Many Antarctic Research Stations, support satellite field camps which are, in general, seasonal camps. The type of field camp can vary; some are permanent structures used during the annual Antarctic summer, whereas others are little more than tents used to support short term activities. Field camps are used for many things, from logistics (Sky Blu, WAP GBR-NEW) to dedicated scientific research such as WAIS Divide Field Camp, WAP USA-34 located at 79° 28′ 03″ South, 112° 05′ 11″ West.
WAIS DIVIDE is the ice flow divide on the West Antarctic Ice Sheet (WAIS) which is a linear boundary that separates the region where the ice flows to the Ross Sea, from the region where the ice flows to the Weddel Sea. It is similar to a continental hydrographic divide.
The site preparation for this Field Camp, started in the 2005/2006 season with the construction of the skiway, and a steel arch shelter for drilling and core processing. Camp logistics was provided by Raytheon Polar Service Company and the air transport by the New York Air national Guard using LC-130 aircraft.
The deep coring started in the 2006/2007 season using the Deep Ice Sheet Coring (DISC) drill developed and operated by the Ice Drilling Design and Operations group at the University of Wisconsin, Madison. The coring was stopped in December 2011 at a depth of 3,405 m, which is ~ 50 m above the bottom of the ice sheet. The last 50 m of ice was left in place to provide a barrier between the borehole and the pristine aqueous basal environment. The ice at the bottom of the hole fell as snow 67,748 years ago. In the 2012-2013 season additional core was collected in zones of high scientific interest.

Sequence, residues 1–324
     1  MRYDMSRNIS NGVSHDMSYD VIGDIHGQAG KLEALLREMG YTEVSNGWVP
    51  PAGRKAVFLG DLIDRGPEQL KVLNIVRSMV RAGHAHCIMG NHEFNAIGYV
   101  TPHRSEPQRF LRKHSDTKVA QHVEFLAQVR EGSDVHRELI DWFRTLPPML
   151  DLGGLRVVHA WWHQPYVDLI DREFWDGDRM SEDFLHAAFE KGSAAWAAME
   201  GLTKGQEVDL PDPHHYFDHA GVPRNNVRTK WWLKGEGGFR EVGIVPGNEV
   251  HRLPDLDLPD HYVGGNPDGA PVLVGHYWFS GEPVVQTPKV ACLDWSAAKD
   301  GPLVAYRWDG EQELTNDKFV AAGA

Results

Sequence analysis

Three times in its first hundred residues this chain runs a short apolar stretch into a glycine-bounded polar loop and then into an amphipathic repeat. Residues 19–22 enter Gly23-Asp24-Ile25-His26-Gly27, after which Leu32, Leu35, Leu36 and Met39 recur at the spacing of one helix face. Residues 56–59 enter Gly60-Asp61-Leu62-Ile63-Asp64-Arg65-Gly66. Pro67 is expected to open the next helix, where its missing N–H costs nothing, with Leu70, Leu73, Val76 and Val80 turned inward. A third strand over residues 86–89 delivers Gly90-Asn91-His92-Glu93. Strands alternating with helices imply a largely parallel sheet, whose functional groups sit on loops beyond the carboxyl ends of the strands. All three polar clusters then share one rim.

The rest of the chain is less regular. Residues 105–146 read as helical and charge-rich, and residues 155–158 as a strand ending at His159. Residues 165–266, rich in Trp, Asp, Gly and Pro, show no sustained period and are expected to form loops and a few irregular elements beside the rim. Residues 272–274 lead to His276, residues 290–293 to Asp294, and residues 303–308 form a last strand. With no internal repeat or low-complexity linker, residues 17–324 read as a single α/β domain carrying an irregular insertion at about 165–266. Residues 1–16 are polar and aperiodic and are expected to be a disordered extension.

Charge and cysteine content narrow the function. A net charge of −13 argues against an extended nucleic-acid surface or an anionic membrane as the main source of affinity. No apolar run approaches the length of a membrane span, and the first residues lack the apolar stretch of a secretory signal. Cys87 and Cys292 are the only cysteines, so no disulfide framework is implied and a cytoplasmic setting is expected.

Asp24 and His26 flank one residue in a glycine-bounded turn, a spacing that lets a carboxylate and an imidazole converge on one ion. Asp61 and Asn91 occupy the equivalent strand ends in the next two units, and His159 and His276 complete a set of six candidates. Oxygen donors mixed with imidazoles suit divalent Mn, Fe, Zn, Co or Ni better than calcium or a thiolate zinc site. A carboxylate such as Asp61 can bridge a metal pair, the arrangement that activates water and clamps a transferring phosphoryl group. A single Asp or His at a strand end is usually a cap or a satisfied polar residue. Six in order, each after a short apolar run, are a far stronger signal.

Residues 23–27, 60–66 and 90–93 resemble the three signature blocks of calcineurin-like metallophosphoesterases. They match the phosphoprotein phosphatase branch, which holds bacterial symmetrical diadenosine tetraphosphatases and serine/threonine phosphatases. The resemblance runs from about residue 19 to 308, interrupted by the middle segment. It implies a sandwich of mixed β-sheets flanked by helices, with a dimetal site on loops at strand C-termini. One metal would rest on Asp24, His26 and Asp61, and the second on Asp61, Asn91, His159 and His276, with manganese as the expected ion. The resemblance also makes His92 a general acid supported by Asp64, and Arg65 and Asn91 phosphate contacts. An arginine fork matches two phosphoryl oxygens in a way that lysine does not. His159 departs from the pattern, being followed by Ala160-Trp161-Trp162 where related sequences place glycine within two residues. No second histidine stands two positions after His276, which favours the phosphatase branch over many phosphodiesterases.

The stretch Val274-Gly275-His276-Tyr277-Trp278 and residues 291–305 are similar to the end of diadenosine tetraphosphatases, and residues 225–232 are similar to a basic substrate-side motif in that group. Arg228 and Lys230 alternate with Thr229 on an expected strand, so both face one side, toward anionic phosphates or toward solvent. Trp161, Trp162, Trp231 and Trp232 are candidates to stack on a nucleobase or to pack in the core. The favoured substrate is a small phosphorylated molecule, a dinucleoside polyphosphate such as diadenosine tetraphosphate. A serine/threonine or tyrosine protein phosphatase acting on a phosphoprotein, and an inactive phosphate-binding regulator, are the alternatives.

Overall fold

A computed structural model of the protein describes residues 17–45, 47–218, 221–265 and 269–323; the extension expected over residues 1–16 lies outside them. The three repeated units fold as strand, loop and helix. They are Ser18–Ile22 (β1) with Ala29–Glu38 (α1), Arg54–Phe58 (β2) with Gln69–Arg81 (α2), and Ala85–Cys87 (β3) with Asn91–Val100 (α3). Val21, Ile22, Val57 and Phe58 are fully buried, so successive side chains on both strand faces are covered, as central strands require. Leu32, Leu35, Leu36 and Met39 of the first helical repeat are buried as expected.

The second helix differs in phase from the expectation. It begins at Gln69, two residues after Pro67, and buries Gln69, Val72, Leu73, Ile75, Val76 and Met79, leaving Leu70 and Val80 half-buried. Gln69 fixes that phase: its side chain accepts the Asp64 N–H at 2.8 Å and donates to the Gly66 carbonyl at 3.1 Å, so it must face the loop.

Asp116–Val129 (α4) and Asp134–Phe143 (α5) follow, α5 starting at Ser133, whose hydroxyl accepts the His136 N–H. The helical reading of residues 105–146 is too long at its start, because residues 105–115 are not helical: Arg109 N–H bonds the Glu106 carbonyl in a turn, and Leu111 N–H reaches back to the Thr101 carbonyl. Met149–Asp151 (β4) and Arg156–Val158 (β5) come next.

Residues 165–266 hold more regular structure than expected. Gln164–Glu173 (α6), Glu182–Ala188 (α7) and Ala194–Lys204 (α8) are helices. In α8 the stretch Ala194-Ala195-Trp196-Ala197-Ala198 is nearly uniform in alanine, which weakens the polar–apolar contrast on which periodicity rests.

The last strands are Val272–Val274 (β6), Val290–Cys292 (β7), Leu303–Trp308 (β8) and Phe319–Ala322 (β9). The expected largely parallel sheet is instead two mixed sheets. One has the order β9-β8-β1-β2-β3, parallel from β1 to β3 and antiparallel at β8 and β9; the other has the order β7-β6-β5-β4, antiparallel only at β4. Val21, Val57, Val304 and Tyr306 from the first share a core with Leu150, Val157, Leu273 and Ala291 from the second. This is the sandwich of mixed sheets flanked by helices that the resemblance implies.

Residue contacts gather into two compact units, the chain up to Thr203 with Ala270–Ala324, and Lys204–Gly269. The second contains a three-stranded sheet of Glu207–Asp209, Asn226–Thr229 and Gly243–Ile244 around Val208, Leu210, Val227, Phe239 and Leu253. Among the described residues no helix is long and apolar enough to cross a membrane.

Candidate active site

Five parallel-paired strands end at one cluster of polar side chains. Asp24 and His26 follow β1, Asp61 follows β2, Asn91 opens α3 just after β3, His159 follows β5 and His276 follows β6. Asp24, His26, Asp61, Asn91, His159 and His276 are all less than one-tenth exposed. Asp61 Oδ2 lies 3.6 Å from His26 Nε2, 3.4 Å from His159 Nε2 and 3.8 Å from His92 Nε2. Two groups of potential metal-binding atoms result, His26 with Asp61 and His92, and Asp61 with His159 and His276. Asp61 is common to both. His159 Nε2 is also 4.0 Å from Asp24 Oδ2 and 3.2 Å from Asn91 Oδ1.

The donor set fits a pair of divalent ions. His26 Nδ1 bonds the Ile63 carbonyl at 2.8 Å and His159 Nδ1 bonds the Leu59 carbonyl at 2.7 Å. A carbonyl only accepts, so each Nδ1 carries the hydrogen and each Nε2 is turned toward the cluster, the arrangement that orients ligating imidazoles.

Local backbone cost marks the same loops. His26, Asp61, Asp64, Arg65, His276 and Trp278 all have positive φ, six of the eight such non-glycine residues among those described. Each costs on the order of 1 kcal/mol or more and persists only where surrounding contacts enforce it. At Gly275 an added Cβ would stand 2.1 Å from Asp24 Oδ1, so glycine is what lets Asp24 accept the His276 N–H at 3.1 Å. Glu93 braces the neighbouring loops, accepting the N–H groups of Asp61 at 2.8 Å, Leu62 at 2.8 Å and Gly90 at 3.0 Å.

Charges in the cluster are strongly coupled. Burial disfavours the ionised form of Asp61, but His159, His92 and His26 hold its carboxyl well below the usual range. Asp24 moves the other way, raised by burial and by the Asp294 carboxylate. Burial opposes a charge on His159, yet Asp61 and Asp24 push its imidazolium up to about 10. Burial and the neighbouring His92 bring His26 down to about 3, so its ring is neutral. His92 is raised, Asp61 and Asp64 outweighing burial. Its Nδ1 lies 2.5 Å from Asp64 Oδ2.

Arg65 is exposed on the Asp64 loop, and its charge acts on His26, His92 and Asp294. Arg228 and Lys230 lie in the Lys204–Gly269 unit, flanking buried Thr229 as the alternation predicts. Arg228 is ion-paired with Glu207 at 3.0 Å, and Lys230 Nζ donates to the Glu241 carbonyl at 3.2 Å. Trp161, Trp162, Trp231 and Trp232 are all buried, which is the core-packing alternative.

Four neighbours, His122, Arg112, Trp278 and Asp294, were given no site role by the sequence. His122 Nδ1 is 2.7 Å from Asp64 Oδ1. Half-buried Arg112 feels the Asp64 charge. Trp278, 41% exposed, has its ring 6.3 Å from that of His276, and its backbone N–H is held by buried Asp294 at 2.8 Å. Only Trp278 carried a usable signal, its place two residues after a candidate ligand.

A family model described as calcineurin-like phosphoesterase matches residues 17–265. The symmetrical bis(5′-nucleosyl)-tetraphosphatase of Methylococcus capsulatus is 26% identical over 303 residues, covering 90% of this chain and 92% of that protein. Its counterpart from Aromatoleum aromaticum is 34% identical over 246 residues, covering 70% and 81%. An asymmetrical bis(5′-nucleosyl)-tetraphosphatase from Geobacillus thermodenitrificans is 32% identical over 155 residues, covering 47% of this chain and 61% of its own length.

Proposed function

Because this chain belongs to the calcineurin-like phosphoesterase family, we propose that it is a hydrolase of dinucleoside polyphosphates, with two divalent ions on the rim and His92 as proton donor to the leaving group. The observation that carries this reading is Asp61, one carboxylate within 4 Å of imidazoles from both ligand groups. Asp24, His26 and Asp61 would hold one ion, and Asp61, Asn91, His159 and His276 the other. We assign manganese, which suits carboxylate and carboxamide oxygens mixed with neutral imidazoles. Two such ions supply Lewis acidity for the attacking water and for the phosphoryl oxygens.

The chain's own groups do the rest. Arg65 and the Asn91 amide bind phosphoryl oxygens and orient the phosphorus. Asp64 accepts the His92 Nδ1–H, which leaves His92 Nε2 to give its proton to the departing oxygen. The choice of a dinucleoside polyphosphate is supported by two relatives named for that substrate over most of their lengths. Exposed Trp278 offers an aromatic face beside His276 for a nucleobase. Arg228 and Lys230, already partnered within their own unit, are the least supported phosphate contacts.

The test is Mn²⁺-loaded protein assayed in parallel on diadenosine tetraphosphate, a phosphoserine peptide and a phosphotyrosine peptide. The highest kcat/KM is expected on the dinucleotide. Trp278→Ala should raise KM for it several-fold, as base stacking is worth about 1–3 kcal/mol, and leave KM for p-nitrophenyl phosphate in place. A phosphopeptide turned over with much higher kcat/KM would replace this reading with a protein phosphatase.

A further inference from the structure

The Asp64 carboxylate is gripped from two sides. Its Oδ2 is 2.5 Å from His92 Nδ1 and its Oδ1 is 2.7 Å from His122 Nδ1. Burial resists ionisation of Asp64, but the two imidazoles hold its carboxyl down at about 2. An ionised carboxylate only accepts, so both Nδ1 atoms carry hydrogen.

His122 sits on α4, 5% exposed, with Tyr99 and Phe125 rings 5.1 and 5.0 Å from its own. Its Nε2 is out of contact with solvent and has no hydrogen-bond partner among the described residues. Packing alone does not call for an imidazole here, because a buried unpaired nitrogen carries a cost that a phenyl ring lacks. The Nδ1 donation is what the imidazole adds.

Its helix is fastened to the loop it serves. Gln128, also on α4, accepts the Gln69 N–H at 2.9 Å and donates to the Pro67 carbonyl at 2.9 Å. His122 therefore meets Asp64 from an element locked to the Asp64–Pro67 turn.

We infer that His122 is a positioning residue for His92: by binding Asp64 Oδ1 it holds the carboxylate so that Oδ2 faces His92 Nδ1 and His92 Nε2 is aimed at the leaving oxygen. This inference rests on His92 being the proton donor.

The only Ham radio activity so far, from this location was made by Steve Polishinski WB9YSD who did sign KC4/WB9YSD. There is a very interesting web page http://www.wb9ysd.org/ where Steve explains the operation and the job at WAIS (West Antarctic Ice Sheet) field camp. After his operation on January 2010, WAP did issue a new reference number as WAP USA-34.
So far QSLs have not been issued and the Antarctic chasers are still waiting.
We take the opportunity to send Steve a prayer … the saying goes, “the final courtesy of a QSO is the QSL card”.